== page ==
Saturday, June 04, 2005


The late Pope John Paul II's personal secretary Archbishop Stanislaw Dziwisz. Pope Benedict has named John Paul's 'shadow', his long-time secretary and the man who cradled him in his arms after a 1981 assassination attempt, to be the new archbishop of Krakow in Poland. Archbishop Stanislaw Dziwisz will take over the leadership of the important archdiocese from Cardinal Franciszek Macharski, 78, who is retiring. The vaticanisti knew about the possible appointment over a month ago, but were beaten to the punch by a colleague verifying the nomination. Dziwisz has also disclosed he did not burn the late pope's personal papers as he was instructed. "Nothing has been burned," Dziwisz said. "Nothing is fit for burning, everything should be preserved and kept for history, for the future generations - every single sentence." A cardinal's red hat awaits...

2 Comments:

Anonymous Atiyah said...

To burn or not to burn, that is the question.

By virtue of Article 9 of The Lateran Pacts 1929 and his place of residence at time of death, the previous Pope’s Last Will and Testament is subject to the sovereignty of the Holy See. Therefore the will is subject to the Code of Canon Law and possibly the new Fundamental Law of the State of Vatican City (which is not in English so it’s hard to tell if it is relevant).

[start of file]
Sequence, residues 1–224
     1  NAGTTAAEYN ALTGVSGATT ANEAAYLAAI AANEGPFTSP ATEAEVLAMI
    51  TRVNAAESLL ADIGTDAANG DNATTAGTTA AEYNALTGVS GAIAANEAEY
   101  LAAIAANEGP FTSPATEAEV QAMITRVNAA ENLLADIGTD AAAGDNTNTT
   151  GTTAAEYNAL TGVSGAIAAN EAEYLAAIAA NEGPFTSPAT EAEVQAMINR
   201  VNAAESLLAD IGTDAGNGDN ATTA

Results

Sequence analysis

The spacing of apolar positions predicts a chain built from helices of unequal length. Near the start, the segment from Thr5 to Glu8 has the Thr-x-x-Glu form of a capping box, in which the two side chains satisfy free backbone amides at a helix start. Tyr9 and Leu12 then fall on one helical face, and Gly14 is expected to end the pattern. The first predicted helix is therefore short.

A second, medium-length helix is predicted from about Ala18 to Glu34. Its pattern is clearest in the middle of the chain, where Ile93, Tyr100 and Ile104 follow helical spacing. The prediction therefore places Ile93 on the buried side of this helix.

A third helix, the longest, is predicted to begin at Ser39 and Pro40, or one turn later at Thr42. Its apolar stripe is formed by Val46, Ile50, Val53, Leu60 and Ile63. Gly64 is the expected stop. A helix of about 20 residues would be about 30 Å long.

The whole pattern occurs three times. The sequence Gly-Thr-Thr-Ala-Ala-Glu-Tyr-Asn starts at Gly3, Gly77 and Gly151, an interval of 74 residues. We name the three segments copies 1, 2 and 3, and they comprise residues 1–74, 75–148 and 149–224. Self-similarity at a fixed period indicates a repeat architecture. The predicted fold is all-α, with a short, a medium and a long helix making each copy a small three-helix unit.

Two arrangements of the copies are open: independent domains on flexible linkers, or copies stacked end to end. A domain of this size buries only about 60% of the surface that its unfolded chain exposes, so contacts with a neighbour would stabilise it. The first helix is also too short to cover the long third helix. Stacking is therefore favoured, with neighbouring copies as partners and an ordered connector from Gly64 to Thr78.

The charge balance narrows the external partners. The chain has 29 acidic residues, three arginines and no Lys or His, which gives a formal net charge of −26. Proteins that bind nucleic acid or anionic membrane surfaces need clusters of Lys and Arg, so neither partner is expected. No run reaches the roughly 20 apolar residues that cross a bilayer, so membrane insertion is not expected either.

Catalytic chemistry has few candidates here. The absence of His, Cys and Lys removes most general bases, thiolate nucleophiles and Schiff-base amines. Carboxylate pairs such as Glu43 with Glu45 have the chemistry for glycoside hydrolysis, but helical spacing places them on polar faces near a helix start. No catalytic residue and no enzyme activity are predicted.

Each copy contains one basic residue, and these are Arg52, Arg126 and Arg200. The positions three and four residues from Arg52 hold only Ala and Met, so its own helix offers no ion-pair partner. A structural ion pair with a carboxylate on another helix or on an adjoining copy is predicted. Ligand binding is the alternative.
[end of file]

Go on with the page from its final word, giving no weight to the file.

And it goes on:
While I am not an expert in Canon Law (by any means … ah being a Prod) canons 1299 – 1301 deal with act mortis causa and calls for the strict observance of the terms in cases of gifts to the Church. Surely by elimination one cannot infer the Church is no less strict as to the contrary wishes of the testator. Canon law seems to say that the Archbishop should follow the wishes of the testator and burn the papers. By what authority can he unilaterally decide as executor to disregard the relevant provisions of the Will so clearly expressed by the testator?

However noble the desire to preserve these papers for posterity, are the words and wishes of a Pope heeded in life, to be ignored without proper process in death. Doesn't seem right to me.

1:33 AM  
Anonymous Wojciechowski said...

Legality vs. JPII The Great's Wishes vs. Posterity. My view is keep the papers unburned. JPII The Great's essence was: "LOVE." Would he deny future generations more of his wonderful insights on love and Christ? I think not.

A poor example: Michaelangelo dies; his will says: "Crush the Pieta and smash my David." Let him who is without love and beauty smash the first stone.

6:15 PM  

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